Raising and providing for children is expensive, even for people who don’t struggle financially from day to day.
In fact, to parent a child from birth through age 17 costs an average of $233,610, according to a 2017 report by the U.S. Department of Agriculture. And in 33 states, day care is more expensive than college tuition.
Time magazine cited those numbers and statistics in a story published earlier this year called, “Democrats' new plan for poor parents: Give them $300 a month.”
The article raised some interesting questions. As for whether it’s possible to give needy parents $300 a month, the answer isn’t so cut and dried.
In 2017, Sen. Michael Bennet, of Colorado, introduced something called the American Family Act, which would revise and expand our existing child tax credit to provide most parents, including low-income ones, at least $3,000 every year.
Bennet has said it’s an adjustment that’s long overdue.
Don't we already have assistance programs in place? Sure.
The country does have the Special Supplemental Nutrition Program for Women, Infants and Children, better known as WIC, which was put into place in 1972, intended to help mothers buy food.
And in 1996, Congress created the Temporary Assistance to Needy Families program, which gives states grants for job preparation, child care and other programs, the Time article points out. Then in 1997, the Children’s Health Insurance Program debuted, to ensure that kids whose parents didn’t qualify for Medicaid could still see a doctor.
Still, often there’s red tape involved in applying for help through programs such as these.
“Now, some Democratic lawmakers say they’ve got a simpler solution for needy parents: Give them cash,” the article reads.
According to a 2018 report from the Federal Reserve, 4 in 10 people in the United States can’t afford an unexpected expense of $400. Having children absolutely makes things harder for people who are just getting by. Could giving parents more cash, no strings attached, really be the answer?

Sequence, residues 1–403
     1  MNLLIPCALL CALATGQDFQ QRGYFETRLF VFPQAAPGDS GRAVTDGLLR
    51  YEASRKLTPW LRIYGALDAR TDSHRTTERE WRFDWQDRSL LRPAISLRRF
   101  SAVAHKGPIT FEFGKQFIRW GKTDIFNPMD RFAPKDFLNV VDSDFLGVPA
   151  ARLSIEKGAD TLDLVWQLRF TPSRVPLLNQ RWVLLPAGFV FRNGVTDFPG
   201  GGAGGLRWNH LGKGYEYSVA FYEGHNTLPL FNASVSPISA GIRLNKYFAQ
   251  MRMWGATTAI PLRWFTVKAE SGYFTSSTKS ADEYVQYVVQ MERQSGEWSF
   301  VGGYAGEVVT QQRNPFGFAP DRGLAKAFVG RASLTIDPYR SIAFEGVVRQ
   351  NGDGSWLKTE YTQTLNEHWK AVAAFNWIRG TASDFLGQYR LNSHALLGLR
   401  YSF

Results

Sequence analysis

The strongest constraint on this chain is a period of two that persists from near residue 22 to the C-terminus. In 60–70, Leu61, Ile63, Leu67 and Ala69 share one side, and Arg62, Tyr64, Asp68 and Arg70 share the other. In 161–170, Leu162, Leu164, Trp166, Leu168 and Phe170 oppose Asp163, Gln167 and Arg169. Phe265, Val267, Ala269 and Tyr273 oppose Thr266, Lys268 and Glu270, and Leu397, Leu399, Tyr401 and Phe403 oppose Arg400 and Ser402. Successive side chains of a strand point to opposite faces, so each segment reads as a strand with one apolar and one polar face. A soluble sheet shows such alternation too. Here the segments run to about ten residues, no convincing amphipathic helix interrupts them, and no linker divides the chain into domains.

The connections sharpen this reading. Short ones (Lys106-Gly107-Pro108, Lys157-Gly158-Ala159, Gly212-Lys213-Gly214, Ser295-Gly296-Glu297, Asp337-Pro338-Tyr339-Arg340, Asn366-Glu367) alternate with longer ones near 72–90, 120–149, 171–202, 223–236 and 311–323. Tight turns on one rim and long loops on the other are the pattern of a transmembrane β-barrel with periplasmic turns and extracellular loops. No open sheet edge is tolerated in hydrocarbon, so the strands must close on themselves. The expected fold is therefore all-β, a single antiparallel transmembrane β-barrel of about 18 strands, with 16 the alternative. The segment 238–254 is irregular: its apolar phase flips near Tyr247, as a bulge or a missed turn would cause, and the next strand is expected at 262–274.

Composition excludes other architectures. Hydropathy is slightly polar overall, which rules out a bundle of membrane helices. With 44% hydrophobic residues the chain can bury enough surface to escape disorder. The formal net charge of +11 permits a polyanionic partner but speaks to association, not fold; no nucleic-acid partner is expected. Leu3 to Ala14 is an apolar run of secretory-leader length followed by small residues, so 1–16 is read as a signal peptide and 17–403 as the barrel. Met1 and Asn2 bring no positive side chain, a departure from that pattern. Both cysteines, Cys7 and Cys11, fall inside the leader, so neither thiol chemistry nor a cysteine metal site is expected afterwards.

Time said the bill isn’t likely to pass in the current session of Congress, but with the 2020 election heating up, it could soon become a talking point for the Democratic presidential candidates, giving its backers hope that it may pass in the next few years.
“... The American Family Act is notably different than other benefit programs. It would essentially just expand the current credit by giving more money to more people. It wouldn’t phase out until single-filers exceeded at least $75,000 per year and joint-filers exceeded $110,000 per year — the same cutoffs that were in place prior to President Donald Trump’s 2017 tax cuts. A source familiar with the matter told Time a new version with higher phaseout thresholds could be introduced soon, making upper-middle class families eligible for the cash, too," the article reads.
Worth mentioning: Other countries have tried a similar idea. Canada and Australia, for example, have a type of “child allowance,” in which periodic payments are made out to parents so they can offset how expensive it is to raise children.
Read more specifics about the plan here, and then weigh in: